The biggest challenge really didn't seem to be in a particular academic area, though. Not even in reading & writing. In fact, the teacher emphasized that. What she called out was just general... young-ness.
A couple of times during the year there were the normal kind of conflicts in class. Two kids broke something of the Boy's mid way through the year. He was a bit upset, and the teacher had the other kids apologize. This made him feel better, and they went back to playing together. Later, the teacher told us that she wished the Boy had asked for more. That this was an indication of his youth.
More? Like what? The kids apologized. The Boy accepted that, and moved on. They're all still friends. Isn't that, you know, the kind of behavior we're shooting for? Are we aiming for restitution?
One of the other boys in the class was a bit punchy when he was excited. As: "Hi! So Glad To Be Here! I Will Now Punch You In The Head!" This happened a few times, with several of the kids. Including the Boy on occasion.
The Boy was pretty relaxed about things. He'd take the hit, give the kid a look, sigh and move on. He may or may not tell the teacher. He'd tell me, and I'd relay it to the teacher. She told me that his waiting to tell me showed that he wasn't yet mature in his problem escalation. I told her that 1) let's lead this conversation off by focusing on the kid that threw the punch, not the kid that caught it. and 2) The Boy isn't really upset at Punchy McPuncherson. He gets that he's just excitable, and shrugs it off. He just wanted me to know that it happened again.
This is the balance of "work it out 'mongst yourselves" and "tell me when things get violent" that we shoot for with our kids. And the Boy's reaction was pretty much right on target. So, no. I'm not really buying the "lack of social resolution" skills bit. The teacher and I discussed this. We politely agreed to disagree.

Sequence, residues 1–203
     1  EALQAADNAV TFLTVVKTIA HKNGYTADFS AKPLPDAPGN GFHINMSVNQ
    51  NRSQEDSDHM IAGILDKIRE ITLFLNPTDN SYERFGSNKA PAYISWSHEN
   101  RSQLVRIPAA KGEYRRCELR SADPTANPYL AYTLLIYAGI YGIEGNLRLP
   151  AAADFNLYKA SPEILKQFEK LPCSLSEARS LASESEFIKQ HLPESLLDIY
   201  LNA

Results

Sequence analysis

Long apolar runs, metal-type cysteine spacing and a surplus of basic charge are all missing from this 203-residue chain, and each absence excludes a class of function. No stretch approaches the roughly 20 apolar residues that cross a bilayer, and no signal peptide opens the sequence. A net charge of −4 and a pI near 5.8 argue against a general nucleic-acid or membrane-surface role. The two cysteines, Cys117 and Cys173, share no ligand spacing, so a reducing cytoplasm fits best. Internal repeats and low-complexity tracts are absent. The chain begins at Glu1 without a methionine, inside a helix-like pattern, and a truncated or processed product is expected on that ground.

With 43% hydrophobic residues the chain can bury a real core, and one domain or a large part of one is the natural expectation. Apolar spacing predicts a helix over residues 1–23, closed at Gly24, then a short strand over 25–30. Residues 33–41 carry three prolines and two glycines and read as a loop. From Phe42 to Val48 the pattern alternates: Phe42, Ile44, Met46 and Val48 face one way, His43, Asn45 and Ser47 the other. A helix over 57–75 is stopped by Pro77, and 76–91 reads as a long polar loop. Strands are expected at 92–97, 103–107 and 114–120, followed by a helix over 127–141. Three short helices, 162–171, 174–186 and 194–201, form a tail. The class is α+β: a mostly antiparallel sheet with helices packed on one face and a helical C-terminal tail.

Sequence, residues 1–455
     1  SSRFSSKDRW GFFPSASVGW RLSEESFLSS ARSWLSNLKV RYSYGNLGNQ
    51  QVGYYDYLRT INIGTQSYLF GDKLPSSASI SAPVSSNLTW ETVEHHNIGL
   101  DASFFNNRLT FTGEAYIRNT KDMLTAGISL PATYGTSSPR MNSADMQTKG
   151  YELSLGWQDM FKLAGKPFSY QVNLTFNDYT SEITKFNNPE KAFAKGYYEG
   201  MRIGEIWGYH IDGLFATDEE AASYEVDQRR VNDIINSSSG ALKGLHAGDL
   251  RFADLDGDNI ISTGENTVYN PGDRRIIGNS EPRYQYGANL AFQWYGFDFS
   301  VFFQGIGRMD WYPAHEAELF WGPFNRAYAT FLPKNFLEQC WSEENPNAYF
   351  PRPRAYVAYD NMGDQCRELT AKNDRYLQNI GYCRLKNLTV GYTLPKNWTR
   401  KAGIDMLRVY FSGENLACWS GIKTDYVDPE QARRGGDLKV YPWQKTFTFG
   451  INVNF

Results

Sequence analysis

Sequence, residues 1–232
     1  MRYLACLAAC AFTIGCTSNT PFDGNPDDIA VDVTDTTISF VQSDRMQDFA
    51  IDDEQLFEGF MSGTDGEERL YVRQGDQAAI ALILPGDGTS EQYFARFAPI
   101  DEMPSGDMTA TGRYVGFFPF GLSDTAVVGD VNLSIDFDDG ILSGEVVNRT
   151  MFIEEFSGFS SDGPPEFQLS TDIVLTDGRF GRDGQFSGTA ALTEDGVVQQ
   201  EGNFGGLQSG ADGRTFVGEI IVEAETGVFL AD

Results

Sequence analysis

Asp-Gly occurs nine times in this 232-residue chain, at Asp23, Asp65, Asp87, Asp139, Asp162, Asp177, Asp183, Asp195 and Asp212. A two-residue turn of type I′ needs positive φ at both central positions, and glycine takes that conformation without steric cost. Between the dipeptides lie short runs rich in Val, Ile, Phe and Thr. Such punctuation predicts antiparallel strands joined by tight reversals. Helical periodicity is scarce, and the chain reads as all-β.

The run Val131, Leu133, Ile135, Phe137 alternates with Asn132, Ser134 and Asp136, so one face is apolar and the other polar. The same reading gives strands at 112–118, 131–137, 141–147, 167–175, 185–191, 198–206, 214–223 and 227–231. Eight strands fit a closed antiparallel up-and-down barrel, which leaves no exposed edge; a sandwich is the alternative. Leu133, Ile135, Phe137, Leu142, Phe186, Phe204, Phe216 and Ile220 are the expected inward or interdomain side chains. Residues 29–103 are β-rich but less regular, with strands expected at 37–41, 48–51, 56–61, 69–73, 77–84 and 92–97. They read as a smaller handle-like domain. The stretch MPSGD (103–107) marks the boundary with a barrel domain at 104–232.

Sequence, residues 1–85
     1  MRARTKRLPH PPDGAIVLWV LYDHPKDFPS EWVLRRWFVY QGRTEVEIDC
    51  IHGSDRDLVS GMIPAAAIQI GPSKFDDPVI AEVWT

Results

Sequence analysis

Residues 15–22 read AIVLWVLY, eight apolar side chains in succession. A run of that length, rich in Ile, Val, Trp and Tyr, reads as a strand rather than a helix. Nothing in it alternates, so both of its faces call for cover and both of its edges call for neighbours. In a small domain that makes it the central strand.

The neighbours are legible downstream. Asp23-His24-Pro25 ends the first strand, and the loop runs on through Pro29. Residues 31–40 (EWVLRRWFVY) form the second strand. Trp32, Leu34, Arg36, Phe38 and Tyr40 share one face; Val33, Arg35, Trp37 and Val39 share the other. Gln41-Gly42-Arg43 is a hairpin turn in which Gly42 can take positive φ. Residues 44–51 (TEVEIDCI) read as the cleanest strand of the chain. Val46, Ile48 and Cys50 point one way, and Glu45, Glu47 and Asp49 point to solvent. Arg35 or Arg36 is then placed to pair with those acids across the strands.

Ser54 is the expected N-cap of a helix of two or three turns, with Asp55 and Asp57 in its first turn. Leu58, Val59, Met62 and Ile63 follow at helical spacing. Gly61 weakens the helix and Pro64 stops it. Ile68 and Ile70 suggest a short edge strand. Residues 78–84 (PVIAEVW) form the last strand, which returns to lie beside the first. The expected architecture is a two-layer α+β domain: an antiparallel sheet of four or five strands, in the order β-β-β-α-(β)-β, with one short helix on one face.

The whole year left us in a quandary Not very many years ago, when we moved from England to the US and were looking for a school for the Critter, this same school told us to never mind the fact that she had already completed the equivalent of first grade. The social skills were far more important than the academic strengths at this age (emphasis was theirs, not mine). "Stay with her peers. Don't put her in second grade."
The Critter was a quiet child. (Was. Emphasis definitely on WAS). So we followed their guidance, despite my reservations. And sure enough, it was more or less a waste of an academic year for her. But she's happy, and with her peers. And that's to the good.
For the Boy, he's the mayor of his class. He's the peacemaker and get-along guy. Even Punchy wants to play with him. He's strong at math, and structural things, engineering tasks & hands-on activities. He's even-keeled and happy. He just hasn't found the pleasure of reading yet. Which is frustrating for all of us. But there it is.
We've had a lot of conversations about whether or not to defer his entry into first grade. (A. Lot. Daily at times. Other times, even more often.) We took his IEP to a good friend and special educator out in California. He wouldn't even ping the radar out there. The things that are being worked on are skills that other school systems don't expect until later on. But this is our school. And we don't want him to lose the joy of it.
In the end, I don't mind him struggling a bit. I struggled with my handwriting. I had speech therapy until third grade. I was shy and tended to hang out in the back of the class. And for most of my schooling, I had a bad haircut. He's only got one of those issues to work with.
We met with the first grade teacher that the Critter had. "If you set the expectation, often the kid rises to it," she said. "And we'll make sure he has the support in the areas that he needs to focus on, one way or the other." That woman clearly knew her audience.
With a bit of support in the form of a reading tutor and a few more books about Star Wars to capture his attention, I think he'll be just fine.
First grade, here we come.